Experience shows that not all term limits will be effective (Ginsburg et al. 2011). First, presidents wishing another term may try to change the constitution. An unamendability clause might prevent that from happening. In addition, the precise wording of the clause is key: Do “two terms” mean two consecutive terms, or two terms in total? After having been president for two consecutive terms, Vladimir Putin transferred himself to the office of prime minister, only to return to the office of president in the next election.Footnote 14

Executive decrees

While in office, presidents frequently circumvent established law-making procedures (i.e., laws being passed by parliament) by resorting to alternative means, such as executive orders or decrees. Some commentators see executive decree power as a solution to political gridlock. That justification, however, is not entirely convincing: the insulation of the president from parliament undermines the incentives for the president and parliament to compromise.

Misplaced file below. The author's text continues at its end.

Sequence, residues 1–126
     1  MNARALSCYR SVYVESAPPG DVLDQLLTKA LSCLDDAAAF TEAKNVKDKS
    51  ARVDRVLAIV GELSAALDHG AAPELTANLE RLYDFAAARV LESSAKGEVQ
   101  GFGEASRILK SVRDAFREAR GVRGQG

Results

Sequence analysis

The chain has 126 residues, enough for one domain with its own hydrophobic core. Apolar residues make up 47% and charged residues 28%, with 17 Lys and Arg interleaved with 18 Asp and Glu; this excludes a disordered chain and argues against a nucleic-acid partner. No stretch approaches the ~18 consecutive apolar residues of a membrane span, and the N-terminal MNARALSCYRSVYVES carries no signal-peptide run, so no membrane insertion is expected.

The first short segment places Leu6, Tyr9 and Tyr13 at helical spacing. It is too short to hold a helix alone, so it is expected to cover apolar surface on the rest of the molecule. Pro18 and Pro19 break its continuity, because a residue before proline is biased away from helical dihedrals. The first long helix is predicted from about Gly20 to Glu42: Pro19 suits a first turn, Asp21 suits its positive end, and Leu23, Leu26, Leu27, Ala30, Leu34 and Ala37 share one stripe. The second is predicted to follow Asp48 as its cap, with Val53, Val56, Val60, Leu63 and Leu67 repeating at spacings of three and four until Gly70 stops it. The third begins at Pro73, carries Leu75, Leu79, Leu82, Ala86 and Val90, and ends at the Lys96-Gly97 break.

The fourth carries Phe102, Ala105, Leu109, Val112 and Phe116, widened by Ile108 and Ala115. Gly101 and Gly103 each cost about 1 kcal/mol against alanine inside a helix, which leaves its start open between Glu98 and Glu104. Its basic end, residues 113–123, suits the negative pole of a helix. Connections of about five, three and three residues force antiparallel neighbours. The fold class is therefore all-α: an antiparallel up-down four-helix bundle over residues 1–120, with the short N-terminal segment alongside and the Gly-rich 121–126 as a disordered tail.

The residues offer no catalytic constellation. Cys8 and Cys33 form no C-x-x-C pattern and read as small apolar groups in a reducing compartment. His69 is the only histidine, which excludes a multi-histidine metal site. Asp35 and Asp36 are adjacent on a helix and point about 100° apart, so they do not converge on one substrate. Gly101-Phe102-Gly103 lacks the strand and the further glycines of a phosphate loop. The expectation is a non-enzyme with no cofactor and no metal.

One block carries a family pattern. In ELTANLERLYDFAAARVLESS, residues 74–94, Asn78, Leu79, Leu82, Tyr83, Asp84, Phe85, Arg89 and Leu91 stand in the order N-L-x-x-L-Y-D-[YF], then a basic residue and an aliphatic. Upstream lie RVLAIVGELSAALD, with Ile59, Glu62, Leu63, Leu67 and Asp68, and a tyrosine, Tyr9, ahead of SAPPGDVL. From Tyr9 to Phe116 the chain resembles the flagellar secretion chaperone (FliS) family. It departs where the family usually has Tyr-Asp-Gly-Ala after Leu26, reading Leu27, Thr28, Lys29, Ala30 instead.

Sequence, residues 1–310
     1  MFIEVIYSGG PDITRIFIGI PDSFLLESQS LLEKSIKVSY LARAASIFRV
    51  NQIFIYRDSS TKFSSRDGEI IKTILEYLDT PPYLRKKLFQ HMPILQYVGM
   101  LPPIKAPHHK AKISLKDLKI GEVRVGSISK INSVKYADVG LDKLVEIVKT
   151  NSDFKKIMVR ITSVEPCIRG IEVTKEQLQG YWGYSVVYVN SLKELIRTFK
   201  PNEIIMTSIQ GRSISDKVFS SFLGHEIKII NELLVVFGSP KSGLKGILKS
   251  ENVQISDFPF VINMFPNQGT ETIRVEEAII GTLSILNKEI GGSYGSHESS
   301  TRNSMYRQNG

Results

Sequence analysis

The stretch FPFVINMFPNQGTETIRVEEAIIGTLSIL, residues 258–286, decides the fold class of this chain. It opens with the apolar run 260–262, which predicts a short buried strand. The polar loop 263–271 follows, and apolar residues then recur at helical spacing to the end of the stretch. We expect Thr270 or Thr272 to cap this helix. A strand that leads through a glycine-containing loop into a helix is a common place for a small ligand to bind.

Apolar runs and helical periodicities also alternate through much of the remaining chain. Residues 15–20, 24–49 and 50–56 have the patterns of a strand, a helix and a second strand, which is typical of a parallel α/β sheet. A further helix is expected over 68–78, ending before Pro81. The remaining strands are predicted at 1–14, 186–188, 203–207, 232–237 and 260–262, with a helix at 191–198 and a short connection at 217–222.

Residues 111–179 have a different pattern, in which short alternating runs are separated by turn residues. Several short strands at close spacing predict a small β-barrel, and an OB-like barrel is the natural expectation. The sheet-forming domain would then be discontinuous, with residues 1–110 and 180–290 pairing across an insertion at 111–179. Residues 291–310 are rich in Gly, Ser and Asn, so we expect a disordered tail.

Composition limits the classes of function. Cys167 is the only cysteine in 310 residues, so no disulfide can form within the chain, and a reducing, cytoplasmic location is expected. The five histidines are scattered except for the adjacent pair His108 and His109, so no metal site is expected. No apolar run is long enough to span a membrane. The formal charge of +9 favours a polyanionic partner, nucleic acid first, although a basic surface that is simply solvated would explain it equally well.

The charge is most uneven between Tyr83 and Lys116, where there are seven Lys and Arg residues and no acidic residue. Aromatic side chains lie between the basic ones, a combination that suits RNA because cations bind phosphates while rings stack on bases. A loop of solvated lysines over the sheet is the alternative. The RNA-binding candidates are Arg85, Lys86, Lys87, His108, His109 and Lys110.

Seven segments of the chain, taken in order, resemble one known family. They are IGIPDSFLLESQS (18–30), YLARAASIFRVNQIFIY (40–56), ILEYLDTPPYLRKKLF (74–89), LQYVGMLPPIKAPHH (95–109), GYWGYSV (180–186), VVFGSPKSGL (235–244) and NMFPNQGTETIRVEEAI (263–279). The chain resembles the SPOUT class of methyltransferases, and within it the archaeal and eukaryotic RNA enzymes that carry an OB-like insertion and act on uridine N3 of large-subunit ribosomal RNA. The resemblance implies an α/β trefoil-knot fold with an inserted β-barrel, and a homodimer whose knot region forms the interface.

Many cases can be identified in which executive decree power has been used to expand the powers of the president (see Carey and Shugart 1998 for case studies).Footnote 15 It seems that decree powers that do not require parliamentary support are most dangerous because they may effectively transform the president into a temporary dictator. It would seem to be advisable to limit the power of the president by giving the legislature the right to annul any decree and make all decrees subject to sunset clauses, implying that they automatically cease to have force after some time.

Right to pardon